Charred benches, notebooks covered in ash, the burned-out shell of a schoolbus. The Franciscan school in the upper Egyptian city of Beni Suef looks like the aftermath of a bomb attack. Toilets and sinks are shattered into fragments. The melted blades of fans hang from the ceiling.
Bedecked in white, sister Nagaat sits beside the wreckage of an altar in a room with blackened walls. Christian services can no longer be held here. The attackers took stools, sacred images – even light switches and cables. They burned the cross on top of the building, and raised the flag of al-Qaeda in its place. “The Islamists wreaked havoc for eight hours,” says Nagaat and picks up the head of a Virgin Mary statue from the floor.
One month after the most intense religious unrest in Egypt since the revolution of January 25, 2011, the country’s Christian communities remain in shock. At least 45 churches and many other Christian facilities went up in flames on August 14. The fiercest violence raged in upper Egypt, where the number of Christians is particularly high. The attacks are thought to be retaliation for the Egyptian army’s massacre of hundreds of Islamists at a Cairo protest, when the Muslim Brotherhood accused Christians of supporting the military.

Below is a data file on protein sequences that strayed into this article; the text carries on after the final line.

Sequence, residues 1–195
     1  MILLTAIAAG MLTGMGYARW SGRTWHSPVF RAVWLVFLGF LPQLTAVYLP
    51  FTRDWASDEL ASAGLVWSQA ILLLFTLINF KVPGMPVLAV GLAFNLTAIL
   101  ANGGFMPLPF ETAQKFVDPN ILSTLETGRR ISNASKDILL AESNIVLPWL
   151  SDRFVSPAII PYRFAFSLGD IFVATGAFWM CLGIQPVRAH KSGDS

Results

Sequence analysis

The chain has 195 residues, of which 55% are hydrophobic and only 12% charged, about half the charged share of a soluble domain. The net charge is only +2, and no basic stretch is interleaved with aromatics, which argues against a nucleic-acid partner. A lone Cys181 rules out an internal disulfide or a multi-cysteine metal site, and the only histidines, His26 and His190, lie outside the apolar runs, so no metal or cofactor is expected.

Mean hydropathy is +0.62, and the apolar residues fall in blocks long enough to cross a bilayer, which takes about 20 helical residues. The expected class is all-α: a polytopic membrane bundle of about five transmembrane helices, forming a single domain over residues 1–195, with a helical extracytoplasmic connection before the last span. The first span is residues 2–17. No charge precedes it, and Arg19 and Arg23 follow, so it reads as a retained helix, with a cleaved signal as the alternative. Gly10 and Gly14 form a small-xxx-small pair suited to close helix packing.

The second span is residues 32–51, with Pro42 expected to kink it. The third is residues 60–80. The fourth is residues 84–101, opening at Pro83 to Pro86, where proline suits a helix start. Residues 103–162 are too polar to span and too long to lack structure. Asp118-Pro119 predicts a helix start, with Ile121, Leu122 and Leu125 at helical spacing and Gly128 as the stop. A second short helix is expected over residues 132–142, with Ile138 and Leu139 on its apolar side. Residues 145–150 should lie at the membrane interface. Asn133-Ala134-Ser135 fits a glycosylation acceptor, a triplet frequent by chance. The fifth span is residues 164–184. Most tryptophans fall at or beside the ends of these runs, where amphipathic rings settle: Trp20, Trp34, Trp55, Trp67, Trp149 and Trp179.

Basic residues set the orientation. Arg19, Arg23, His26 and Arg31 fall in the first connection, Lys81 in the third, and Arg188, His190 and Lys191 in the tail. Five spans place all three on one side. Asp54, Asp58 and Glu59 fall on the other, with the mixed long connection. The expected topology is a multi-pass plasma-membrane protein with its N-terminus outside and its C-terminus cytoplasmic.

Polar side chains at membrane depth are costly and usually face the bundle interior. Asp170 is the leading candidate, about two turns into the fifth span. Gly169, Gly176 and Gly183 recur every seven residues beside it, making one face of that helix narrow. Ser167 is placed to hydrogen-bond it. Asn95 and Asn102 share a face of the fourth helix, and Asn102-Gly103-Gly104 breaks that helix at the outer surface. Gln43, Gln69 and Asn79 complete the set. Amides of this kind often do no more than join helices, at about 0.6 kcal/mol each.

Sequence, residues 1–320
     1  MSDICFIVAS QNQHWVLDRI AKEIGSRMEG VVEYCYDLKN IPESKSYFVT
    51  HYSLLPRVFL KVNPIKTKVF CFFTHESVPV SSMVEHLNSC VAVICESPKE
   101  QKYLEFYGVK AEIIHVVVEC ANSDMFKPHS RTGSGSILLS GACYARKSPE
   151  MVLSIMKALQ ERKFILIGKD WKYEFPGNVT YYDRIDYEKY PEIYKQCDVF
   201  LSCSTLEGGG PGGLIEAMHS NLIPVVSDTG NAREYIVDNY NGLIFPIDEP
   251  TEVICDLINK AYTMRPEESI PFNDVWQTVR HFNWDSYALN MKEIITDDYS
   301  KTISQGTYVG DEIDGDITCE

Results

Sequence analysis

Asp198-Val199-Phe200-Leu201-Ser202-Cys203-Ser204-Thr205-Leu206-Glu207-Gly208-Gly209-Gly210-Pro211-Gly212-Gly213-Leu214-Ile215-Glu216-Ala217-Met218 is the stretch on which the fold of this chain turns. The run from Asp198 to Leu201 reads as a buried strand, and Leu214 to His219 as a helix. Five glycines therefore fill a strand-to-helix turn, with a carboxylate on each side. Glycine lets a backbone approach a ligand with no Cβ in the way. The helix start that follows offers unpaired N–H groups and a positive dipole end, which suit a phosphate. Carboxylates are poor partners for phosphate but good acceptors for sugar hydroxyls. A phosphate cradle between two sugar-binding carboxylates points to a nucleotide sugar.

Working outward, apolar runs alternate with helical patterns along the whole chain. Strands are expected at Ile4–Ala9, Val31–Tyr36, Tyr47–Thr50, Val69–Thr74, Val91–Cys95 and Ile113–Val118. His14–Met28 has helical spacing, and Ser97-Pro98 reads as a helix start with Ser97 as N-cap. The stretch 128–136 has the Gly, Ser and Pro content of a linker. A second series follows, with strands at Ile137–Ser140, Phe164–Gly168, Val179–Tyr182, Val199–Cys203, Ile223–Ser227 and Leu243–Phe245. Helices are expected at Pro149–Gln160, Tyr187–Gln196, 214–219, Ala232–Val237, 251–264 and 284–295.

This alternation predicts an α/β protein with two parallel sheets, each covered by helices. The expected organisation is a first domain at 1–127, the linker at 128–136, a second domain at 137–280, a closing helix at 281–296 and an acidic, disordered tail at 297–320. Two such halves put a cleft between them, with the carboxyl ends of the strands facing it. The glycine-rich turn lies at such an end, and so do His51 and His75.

Egyptian Christians have seen themselves as the victims of discrimination for decades – professionally and in day-to-day life. But in the past few months, the number of violent attacks against them has risen markedly. Nagaat blames the fallen Islamist government of President Mohammed Morsi.
“President Hosni Mubarak put the preachers of hate behind bars,” she told DW. “Under Morsi, though, they were allowed to agitate in the mosques as much as they wanted to.” Thus, she says, the imams called for the boycott of Coptic stores in Beni Suef.